David Bourget (Western Ontario)
David Chalmers (ANU, NYU)
Rafael De Clercq
Jack Alan Reynolds
Learn more about PhilPapers
In Christoph Hoerl, Teresa McCormack & Sarah R. Beck (eds.), Understanding Counterfactuals, Understanding Causation. Oxford University Press (2011)
How are causal judgements such as 'The ice on the road caused the traffic accident' connected with counterfactual judgements such as 'If there had not been any ice on the road, the traffic accident would not have happened'? This volume throws new light on this question by uniting, for the first time, psychological and philosophical approaches to causation and counterfactuals. Traditionally, philosophers have primarily been interested in connections between causal and counterfactual claims on the level of meaning or truth-conditions. More recently, however, they have also increasingly turned their attention to psychological connections between causal and counterfactual understanding or reasoning. At the same time, there has been a surge in interest in empirical work on causal and counterfactual cognition amongst developmental, cognitive, and social psychologists--much of it inspired by work in philosophy. In this volume, twelve original contributions from leading philosophers and psychologists explore in detail what bearing empirical findings might have on philosophical concerns about counterfactuals and causation, and how, in turn, work in philosophy might help clarify the issues at stake in empirical work on the cognitive underpinnings of, and relationships between, causal and counterfactual thought
|Keywords||No keywords specified (fix it)|
|Categories||categorize this paper)|
Setup an account with your affiliations in order to access resources via your University's proxy server
Configure custom proxy (use this if your affiliation does not provide a proxy)
|Through your library|
References found in this work BETA
No references found.
Citations of this work BETA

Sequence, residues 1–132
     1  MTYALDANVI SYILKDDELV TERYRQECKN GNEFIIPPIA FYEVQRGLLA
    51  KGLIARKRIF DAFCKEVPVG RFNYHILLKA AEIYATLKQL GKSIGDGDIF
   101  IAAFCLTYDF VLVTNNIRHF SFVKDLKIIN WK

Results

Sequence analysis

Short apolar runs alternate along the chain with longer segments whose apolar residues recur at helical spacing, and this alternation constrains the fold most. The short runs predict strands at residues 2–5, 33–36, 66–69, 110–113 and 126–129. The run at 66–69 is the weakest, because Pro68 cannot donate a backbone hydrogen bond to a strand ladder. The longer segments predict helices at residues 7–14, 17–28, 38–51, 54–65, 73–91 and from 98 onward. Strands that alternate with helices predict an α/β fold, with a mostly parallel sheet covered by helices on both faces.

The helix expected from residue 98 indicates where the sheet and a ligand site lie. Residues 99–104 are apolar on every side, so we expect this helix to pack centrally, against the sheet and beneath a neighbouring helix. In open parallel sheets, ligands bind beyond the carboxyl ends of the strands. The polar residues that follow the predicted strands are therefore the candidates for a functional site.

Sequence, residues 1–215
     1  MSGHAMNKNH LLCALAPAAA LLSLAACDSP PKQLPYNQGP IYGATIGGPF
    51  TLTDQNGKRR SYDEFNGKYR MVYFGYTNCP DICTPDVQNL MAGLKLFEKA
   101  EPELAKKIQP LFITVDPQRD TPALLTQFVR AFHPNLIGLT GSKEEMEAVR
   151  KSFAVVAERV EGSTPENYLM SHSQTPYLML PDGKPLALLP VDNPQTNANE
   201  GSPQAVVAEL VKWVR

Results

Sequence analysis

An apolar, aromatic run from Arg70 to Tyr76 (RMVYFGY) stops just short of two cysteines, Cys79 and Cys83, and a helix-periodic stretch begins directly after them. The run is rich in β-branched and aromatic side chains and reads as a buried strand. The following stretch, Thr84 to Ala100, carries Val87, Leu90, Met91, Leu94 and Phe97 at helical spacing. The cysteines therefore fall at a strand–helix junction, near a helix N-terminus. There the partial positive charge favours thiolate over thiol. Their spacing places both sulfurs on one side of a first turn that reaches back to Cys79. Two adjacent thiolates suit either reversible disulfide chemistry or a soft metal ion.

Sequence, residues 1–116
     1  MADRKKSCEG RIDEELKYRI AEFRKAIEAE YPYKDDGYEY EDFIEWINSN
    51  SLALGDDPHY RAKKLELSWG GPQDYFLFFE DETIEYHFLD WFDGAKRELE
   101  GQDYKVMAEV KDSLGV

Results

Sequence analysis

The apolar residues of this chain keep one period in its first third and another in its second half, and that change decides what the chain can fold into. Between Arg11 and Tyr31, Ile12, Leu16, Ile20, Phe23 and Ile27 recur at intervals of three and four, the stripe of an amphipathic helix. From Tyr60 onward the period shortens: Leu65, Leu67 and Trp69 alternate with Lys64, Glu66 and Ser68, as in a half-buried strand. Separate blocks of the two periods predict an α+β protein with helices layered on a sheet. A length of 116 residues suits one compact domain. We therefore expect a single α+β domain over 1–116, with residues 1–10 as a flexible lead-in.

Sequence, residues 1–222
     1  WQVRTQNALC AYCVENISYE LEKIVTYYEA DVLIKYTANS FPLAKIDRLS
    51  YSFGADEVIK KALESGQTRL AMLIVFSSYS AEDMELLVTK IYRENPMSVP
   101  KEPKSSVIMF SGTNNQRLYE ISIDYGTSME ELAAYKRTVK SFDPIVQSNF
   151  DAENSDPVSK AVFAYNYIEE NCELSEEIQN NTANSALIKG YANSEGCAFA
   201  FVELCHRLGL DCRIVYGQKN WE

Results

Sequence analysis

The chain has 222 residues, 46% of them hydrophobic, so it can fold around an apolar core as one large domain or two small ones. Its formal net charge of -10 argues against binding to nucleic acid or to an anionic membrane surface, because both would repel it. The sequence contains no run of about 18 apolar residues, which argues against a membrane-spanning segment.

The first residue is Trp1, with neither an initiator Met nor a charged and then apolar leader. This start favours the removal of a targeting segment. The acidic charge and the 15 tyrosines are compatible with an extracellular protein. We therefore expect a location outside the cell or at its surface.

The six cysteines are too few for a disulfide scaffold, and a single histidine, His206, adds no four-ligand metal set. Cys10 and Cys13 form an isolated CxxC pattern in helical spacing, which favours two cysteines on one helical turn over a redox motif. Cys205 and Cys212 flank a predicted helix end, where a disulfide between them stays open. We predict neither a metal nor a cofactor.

No citations found.
Similar books and articles
Christoph Hoerl, Teresa McCormack & Sarah R. Beck (eds.) (2011). Understanding Counterfactuals, Understanding Causation. Oxford University Press.
S. Barker (2003). A Dilemma for the Counterfactual Analysis of Causation. Australasian Journal of Philosophy 81 (1):62 – 77.
Peter Menzies, Counterfactual Theories of Causation. Stanford Encyclopedia of Philosophy.
Richard Otte (1987). Indeterminism, Counterfactuals, and Causation. Philosophy of Science 54 (1):45-62.
Stathis Psillos (2004). A Glimpse of the Secret Connexion: Harmonizing Mechanisms with Counterfactuals. Perspectives on Science 12 (3):288-319.
James Woodward (2011). Psychological Studies of Causal and Counterfactual Reasoning. In Christoph Hoerl, Teresa McCormack & Sarah R. Beck (eds.), Understanding Counterfactuals, Understanding Causation. Oxford University Press. 16.
David R. Mandel, Denis J. Hilton & Patrizia Catellani (eds.) (2005). The Psychology of Counterfactual Thinking. Routledge.
Dwayne Moore (2013). Counterfactuals, Autonomy and Downward Causation: Reply to Zhong. Philosophia 41 (3):831-839.
Ernest Sosa (ed.) (1975). Causation and Conditionals. Oxford University Press.
Alexander Reutlinger (2012). Getting Rid of Interventions. Studies in History and Philosophy of Science Part C 43 (4):787-795.
Tania Lombrozo (2010). Causal-Explanatory Pluralism: How Intentions, Functions, and Mechanisms Influence Causal Ascriptions. Cognitive Psychology 61 (4):303-332.
Lei Zhong (2011). Can Counterfactuals Solve the Exclusion Problem? Philosophy and Phenomenological Research 83 (1):129-147.
Mathias Frisch (2010). Causes, Counterfactuals, and Non-Locality. Australasian Journal of Philosophy 88 (4):655-672.
Added to index2011-11-14
Total downloads71 ( #19,404 of 1,099,007 )
Recent downloads (6 months)4 ( #80,012 of 1,099,007 )
How can I increase my downloads?